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October 19 - 25, 2012


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Coastweek -- New book 'Guerrillas of Tsavo' records the actions, tribulations and mismanagement of a British Empire army at war against an inferior and more adventurous enemy. Following the military operations, as well as the personal endeavors of the troops, porters and their followers, author James Willson describes the first 22 months of the First World War in the Mombasa-Voi Command in British East Africa.


James Willson launches his epic
history guide 'Guerillas of Tsavo'



Coastweek -- Twenty five years' years years ago, the then chairperson of Friends of Fort Jesus (FFJ) - Judy Aldrick launched her famous Old Town walk in this beautiful and historic setting of Fort Jesus.

As the evening drew to a close, Judy called for suggestions and ideas for a FFJ outing, my wife Eileen immediately suggested a weekend at the Taita Hills and Salt Lick Lodges Lodges as I was then the Acting Manager there and we had also just ‘discovered’ in the Sanctuary; the ruins of Mashoti Fort that had been built by the Loyal North Lancashire Regt in late 1915.

The Friends of Fort Jesus took up the idea and reservations were duly made.

The theme for this first trip was to be around my historical curiosity in the area, and the activities of the First World War, an interest that was already deeply rooted after listening with keen interest to William Boyd’s ‘An Ice Cream War’, which was aired in 1984 on the BBC radio, every morning before I went to work.

In between all the other blabber of the story was another story, developed around a sisal farmer in Taveta during 1914, and his tales of woe with his German neighbour across the border as the war started - we were living right there in the middle of Boyd’s story.

Coastweek -- 'Guerrillas of Tsavo'. Bound Hardback with dust jacket, 380 pages and 530 B/W illustrations. Book Size - A4.

I don’t recall how many came for that FFJ Battlefields weekend, but those that did, must of enjoyed the exercise and the outing, as we have since enjoyed many more trips into this interesting area with members of the Friends.

On this first outing we did a comprehensive walk around the Mashoti fort and the old military camp site, where we identified the Smithy with dozens of discarded horse shoes found beside the overgrown fire pit.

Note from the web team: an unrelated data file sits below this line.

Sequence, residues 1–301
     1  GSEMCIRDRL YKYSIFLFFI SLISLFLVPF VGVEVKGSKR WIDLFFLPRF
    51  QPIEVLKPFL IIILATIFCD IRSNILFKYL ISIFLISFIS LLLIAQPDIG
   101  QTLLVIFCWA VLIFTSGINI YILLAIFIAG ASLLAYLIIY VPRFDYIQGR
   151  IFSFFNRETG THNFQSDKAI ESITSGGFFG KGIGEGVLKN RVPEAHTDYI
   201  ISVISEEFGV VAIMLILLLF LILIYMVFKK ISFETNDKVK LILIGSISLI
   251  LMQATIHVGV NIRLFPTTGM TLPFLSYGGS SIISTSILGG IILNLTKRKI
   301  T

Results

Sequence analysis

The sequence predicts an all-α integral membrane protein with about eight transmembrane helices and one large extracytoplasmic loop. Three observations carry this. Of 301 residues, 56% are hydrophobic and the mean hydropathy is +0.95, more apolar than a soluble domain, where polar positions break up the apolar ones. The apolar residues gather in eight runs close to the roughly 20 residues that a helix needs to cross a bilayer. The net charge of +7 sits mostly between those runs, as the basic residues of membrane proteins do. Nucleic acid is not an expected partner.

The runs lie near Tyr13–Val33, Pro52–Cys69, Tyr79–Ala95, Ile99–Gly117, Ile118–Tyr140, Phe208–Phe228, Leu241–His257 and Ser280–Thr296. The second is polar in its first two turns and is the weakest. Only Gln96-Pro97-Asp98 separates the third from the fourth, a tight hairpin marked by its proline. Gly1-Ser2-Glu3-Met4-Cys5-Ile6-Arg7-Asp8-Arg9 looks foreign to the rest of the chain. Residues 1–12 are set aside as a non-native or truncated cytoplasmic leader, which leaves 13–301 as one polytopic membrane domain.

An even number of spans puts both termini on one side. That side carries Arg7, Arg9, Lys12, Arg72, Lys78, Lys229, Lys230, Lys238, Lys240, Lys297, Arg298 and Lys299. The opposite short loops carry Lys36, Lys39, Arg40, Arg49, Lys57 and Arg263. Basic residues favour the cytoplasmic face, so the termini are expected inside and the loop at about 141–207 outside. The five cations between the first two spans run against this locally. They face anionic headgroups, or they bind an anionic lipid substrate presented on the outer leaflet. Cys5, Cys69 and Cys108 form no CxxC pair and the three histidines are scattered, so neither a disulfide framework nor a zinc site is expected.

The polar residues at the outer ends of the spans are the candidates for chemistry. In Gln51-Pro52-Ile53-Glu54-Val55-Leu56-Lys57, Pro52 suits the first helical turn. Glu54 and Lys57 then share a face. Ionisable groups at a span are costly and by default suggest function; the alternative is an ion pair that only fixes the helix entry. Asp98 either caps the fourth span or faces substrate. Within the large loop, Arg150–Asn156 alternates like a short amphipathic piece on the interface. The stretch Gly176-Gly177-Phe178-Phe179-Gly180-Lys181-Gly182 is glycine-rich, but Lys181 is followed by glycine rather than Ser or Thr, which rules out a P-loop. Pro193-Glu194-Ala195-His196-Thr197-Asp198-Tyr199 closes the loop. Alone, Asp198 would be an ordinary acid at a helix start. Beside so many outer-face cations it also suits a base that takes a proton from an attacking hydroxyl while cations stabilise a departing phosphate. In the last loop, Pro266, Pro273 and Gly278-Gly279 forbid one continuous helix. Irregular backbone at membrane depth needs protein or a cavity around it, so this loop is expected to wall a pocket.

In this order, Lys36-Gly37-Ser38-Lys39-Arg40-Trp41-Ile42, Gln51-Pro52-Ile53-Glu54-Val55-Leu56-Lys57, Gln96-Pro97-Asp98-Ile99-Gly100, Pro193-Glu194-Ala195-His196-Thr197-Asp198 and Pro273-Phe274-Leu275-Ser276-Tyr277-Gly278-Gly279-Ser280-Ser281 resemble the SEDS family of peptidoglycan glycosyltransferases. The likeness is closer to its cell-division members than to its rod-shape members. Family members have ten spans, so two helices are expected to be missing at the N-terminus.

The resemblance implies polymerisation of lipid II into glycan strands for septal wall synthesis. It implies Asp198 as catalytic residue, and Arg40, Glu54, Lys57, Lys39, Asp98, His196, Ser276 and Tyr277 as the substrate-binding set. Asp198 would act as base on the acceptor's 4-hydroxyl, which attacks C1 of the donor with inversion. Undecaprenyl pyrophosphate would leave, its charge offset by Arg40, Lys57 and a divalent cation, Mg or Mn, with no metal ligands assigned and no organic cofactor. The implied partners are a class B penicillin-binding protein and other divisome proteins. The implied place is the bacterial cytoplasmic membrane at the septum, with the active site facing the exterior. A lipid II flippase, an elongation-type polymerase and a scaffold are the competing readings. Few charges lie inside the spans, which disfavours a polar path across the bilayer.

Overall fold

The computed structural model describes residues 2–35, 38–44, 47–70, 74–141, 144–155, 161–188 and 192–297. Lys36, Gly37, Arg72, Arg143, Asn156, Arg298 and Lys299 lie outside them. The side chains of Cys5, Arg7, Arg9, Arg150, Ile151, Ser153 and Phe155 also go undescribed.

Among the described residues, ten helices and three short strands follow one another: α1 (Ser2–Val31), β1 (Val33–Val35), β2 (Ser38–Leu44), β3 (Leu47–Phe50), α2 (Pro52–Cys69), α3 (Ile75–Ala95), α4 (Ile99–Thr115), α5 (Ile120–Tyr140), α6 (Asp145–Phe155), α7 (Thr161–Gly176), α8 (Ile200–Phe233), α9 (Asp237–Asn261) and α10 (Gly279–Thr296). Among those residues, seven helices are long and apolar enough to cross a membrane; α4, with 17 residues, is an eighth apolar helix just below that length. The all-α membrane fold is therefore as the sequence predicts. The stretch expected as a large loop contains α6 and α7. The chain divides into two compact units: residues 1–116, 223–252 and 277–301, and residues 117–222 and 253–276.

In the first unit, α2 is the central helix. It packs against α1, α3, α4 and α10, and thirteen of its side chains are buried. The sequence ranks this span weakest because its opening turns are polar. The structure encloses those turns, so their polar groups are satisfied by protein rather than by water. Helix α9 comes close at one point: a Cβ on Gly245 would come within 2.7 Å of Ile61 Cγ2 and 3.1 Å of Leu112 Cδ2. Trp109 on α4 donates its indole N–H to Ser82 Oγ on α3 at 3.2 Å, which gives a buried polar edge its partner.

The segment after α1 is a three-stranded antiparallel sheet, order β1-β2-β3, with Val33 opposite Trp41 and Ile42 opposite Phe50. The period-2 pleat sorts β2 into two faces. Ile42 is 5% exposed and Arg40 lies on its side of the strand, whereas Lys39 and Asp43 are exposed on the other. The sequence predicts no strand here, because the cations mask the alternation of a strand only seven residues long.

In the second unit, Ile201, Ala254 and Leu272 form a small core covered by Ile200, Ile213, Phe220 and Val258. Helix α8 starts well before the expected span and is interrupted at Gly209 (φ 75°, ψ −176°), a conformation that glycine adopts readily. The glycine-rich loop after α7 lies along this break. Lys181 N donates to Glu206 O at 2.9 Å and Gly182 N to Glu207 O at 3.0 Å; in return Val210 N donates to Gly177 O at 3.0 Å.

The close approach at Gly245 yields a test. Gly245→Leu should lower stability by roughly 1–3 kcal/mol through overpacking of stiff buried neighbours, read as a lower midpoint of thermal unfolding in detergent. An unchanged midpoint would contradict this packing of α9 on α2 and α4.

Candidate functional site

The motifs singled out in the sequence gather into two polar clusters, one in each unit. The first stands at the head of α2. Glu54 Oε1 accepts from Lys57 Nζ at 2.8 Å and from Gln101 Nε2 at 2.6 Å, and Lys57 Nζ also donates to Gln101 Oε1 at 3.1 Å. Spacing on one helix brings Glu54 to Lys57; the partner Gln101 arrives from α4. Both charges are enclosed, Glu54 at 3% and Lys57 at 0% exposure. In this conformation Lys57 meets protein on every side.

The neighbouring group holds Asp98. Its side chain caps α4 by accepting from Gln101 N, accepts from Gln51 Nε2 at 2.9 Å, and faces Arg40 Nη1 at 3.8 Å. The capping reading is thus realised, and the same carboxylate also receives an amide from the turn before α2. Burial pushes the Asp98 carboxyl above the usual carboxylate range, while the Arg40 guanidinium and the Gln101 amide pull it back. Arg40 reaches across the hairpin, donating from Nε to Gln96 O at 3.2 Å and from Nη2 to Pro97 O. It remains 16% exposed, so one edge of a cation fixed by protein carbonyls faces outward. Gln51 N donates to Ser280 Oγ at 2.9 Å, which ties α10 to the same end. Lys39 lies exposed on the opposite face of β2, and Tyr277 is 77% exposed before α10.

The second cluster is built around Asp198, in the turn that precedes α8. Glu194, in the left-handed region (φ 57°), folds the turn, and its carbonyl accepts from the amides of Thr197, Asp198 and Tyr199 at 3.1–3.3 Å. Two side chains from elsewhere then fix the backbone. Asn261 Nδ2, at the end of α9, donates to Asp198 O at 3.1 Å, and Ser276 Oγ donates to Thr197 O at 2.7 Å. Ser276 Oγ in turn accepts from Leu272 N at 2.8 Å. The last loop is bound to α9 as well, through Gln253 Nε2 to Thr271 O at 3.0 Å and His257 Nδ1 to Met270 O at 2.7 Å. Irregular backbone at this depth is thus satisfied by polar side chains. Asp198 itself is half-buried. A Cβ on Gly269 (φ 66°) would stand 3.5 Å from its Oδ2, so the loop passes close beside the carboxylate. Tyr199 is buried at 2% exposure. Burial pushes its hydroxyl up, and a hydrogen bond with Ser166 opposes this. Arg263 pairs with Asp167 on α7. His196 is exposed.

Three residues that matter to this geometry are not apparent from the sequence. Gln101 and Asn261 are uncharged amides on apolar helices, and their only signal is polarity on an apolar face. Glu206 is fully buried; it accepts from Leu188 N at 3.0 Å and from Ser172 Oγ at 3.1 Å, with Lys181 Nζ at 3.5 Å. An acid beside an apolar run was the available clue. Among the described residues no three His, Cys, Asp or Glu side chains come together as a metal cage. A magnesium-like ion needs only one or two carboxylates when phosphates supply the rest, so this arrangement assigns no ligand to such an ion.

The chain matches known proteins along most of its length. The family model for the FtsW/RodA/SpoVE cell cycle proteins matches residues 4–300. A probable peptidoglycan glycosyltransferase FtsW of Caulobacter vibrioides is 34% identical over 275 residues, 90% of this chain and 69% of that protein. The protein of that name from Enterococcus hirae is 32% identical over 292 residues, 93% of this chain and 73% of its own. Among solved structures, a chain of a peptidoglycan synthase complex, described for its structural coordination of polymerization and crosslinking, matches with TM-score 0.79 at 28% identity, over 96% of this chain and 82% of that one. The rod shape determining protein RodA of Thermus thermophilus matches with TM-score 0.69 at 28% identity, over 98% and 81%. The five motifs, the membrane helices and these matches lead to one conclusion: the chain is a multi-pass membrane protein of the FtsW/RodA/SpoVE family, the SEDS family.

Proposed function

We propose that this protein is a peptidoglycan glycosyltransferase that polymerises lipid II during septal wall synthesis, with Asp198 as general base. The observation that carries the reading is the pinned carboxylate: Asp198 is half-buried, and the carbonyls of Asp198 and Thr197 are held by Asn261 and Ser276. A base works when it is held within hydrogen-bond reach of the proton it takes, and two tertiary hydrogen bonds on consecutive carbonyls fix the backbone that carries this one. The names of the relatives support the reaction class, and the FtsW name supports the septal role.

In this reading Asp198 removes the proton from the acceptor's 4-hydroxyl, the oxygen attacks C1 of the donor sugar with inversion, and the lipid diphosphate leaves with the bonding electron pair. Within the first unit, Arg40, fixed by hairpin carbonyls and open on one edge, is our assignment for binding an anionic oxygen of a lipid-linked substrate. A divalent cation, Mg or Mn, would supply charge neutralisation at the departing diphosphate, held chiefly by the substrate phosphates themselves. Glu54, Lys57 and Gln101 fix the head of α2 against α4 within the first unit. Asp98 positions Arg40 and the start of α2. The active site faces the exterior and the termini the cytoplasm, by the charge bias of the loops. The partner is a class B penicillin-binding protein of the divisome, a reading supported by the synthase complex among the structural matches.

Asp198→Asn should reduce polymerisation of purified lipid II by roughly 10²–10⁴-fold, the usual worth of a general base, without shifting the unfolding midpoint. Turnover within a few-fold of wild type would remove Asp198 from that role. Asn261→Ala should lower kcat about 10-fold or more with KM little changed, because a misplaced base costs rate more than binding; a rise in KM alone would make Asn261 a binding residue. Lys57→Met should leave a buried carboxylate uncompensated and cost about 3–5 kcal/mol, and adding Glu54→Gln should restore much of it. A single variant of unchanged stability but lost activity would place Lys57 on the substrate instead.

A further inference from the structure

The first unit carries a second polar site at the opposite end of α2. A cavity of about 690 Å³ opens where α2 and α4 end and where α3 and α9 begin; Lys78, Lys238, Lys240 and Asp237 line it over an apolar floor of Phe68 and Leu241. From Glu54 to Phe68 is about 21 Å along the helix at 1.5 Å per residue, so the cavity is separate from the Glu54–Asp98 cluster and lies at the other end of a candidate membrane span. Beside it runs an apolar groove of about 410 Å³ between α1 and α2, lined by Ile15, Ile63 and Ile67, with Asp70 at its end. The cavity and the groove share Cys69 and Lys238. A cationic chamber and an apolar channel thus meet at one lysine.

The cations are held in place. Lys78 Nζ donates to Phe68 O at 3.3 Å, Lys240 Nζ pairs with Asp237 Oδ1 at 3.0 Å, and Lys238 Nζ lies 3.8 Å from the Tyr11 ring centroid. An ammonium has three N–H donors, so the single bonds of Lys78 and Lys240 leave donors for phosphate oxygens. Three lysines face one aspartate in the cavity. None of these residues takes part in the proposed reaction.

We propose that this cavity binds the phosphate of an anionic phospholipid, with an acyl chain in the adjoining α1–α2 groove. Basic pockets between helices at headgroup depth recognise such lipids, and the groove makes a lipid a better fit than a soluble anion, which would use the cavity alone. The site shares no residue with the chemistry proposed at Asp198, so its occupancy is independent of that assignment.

In a dig a few weekends previously, Eileen and I unearthed a meerschaum smoking pipe from Dublin, a clay Ginger Beer Bottle, a silver fork and what looked like glass bullets.

We then stumbled upon numerous little piles of broken glass bottles.

Many of the shards were interesting as they were so thick with raised embellishments, obviously made for rough transportation.

After some difficulty we put some of them together like a jig saw puzzle and discovered they were Roses Lime Juice bottles.

I guess most people today realize how important Vitamin C is against scurvy.

Thicker dark glass bottles turned out to be one pint Beer bottles, the more complete ones had Property of South African Breweries embossed on them.

Scotch whisky bottle bases, 'Lee and Perrings' shaped bottles and wine bottles all started being found, although I don’t think we ever found any complete ones.

After further finds we realized the ‘glass bullet like’ objects were actually broken bottle top plugs for the lime juice bottles, held down in a similar way as a Champaign cork is today.

We walked and scrambled over Maktau Hill, the British base where up 20,000 troops were accommodated, and inspected the dry stone wall defenses on the crest of Picket Hill, where we picked up several rounds of unused British 303 ammunition, and several cartridge cases.